The IMF warns that threats to global economic recovery are growing, as is a “dangerous divergence” in recovery rates between richer and poorer countries.

The International Monetary Fund was blunt in its latest global economic outlook, released on Tuesday, warning that the risks to economic recovery from last year’s COVID-19 disruptions are growing, as is a “dangerous divergence” between richer and poorer countries.

The IMF reduced its headline forecast for global growth this year by 0.1 percent to 5.9 percent, while maintaining its projections for 2022 at 4.9 percent.”This modest headline revision, however, masks significant downgrades for some countries,” the fund said, adding that “the outlook for the low-income developing country group has darkened significantly due to worsening pandemic dynamics.

In a virtual news conference on Tuesday, IMF chief economist Gita Gopinath elaborated on those pandemic dynamics, saying that global supply shortages in the face of resurgent demand are causing commodity price inflation, which is being passed on to consumers.
“Food prices have risen most sharply in low-income countries, where food insecurity is most acute, adding to the burdens of poorer households and raising the risk of social unrest,” she said.

Furthermore, as debt levels rise, inflation soars, and their currencies weaken against the US dollar, emerging and developing economies are being forced to raise interest rates in order to keep inflation expectations in check. The pandemic’s “continued grip” on global society, according to Gopinath, underpins challenges such as rising food inflation, food insecurity and increased risk-taking in financial markets.

“The top priority is thus to vaccinate at least 40% of the population in every country by the end of this year, and 70% by the middle of next year,” Gopinath said. Almost 60% of the population in advanced economies is fully vaccinated, with some even receiving booster shots. At the same time, the IMF reported that roughly 96 percent of the population in low-income countries has yet to receive a single COVID vaccine.

The recovery gap between rich and poor countries is expected to widen, with the IMF predicting that advanced economies will re-establish their pre-pandemic trend path next year and outperform it by 0.9 percent in 2024. By contrast, the fund predicted economic growth in emerging and developing economies – minus China – would remain 5.5 percent below pre-pandemic forecasts in 2024, “resulting in a larger setback to improvements in their living standards”.

While the IMF predicted that inflation would return to pre-pandemic levels by the middle of next year, a more detailed examination reveals a wide disparity in national outlooks. The fund predicted that headline inflation in advanced economies would peak in the final months of this year and then fall to around 2% by mid-2022. For emerging markets and developing economies, headline inflation is expected to peak at 6.8 percent later this year before falling to about 4 percent by the middle of next year “with risks tilted to the upside over the medium term”.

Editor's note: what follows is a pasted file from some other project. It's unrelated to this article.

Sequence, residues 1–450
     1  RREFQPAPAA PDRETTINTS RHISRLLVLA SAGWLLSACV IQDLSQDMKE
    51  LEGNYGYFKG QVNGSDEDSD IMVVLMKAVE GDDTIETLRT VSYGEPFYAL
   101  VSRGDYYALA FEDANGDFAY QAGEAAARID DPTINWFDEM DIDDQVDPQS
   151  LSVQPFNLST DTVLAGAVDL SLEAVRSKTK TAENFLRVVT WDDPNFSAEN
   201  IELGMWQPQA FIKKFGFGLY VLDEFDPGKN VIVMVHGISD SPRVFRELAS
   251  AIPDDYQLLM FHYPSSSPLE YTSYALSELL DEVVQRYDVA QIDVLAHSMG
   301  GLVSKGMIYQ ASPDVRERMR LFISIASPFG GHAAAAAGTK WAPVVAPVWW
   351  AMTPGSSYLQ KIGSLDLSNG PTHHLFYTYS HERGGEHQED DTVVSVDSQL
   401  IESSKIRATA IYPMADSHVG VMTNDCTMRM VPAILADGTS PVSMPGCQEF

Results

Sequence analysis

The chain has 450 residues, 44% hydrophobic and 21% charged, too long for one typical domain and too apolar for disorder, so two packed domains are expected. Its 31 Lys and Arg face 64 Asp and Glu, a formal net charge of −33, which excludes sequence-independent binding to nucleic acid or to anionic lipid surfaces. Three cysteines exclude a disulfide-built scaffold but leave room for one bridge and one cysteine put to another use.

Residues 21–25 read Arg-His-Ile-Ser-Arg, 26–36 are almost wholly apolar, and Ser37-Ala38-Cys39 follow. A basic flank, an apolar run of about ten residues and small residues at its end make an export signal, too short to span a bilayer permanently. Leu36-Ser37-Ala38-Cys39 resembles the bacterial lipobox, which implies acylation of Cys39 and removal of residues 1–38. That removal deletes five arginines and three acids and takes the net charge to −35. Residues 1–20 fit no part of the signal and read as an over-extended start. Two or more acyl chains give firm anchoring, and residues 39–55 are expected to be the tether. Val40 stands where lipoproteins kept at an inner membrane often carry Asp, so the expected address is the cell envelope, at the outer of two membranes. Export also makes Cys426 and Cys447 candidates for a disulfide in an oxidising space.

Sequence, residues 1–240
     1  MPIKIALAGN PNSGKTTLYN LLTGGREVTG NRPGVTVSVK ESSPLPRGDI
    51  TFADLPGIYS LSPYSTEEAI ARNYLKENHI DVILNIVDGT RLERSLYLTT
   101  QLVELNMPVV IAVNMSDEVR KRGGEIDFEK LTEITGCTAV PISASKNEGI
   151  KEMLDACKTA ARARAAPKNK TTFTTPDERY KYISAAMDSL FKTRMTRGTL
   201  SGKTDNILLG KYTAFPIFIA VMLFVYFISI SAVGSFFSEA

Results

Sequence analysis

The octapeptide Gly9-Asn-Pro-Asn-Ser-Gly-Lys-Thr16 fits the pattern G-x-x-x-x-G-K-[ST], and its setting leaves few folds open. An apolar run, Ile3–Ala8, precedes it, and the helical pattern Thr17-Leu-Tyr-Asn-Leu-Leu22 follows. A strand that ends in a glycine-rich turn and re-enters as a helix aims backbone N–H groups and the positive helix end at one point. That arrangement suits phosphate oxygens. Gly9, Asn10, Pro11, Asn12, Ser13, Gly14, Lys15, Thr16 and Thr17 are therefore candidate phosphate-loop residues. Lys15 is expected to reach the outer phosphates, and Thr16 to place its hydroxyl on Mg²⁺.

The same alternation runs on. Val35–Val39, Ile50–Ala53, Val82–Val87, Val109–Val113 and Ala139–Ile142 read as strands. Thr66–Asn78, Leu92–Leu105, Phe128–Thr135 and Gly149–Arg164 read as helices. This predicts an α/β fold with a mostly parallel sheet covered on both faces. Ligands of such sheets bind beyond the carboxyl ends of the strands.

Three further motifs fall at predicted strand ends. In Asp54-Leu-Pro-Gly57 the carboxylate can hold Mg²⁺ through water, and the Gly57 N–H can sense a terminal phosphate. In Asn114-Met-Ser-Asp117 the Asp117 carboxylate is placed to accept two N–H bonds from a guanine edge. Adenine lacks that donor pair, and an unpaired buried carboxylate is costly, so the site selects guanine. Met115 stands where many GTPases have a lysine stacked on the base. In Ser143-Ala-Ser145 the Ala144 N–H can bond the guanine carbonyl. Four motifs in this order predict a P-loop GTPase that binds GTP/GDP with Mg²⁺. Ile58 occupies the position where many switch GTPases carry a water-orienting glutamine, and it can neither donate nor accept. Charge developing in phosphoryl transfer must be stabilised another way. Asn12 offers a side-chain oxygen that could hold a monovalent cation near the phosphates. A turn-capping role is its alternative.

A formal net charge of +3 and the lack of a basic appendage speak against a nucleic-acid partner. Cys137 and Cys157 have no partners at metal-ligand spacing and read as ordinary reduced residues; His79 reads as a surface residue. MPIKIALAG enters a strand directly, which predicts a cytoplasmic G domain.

Recession alert! IMF chief warns third of global economy likely to plunge into recession this year.

Global recession: The year 2023 will be far more difficult than the previous one, as the world’s main engines—the United States, China, and Europe—may face severe turbulence amid the ongoing Russia-Ukraine war and the COVID-19 pandemic. According to Kristalina Georgieva, managing director of the International Monetary Fund (IMF), nearly a third of the global economy will be in recession this year.

She stated on the CBS Sunday morning news program Face the Nation that the ongoing war and the emergence of the new COVID wave in China have had an impact on the economy. “We anticipate that one-third of the global economy will be in recession. Even in non-recessionary countries, it would feel like a recession for hundreds of millions of people “she said. Notably, this was not the first time the IMF Chief projected such a dire scenario; in October of last year, she warned that the war and any potential outbreak of the deadly virus could plunge the world into recession.

“We anticipate that one-third of the global economy will be in recession. Even in non-recessionary countries, it would feel like a recession for hundreds of millions of people,” she added. The IMF cut its forecast for global economic growth in 2023 in October, citing the ongoing drag from the Ukraine conflict, as well as inflationary pressures and the high-interest rates engineered by central banks such as the US Federal Reserve to counteract those price pressures.

China, the world’s second-largest economy, is likely to grow at or below global growth for the first time in 40 years, according to Georgieva, as Covid-19 cases rise following the repeal of the country’s ultra-strict zero-Covid policy. “China’s growth in 2022 is likely to be at or below global growth for the first time in 40 years,” Georgieva said. Furthermore, a slew of Covid infections expected in the coming months is likely to wreak havoc on the country’s economy and drag on both regional and global growth, according to Georgieva, who visited China on IMF business late last month.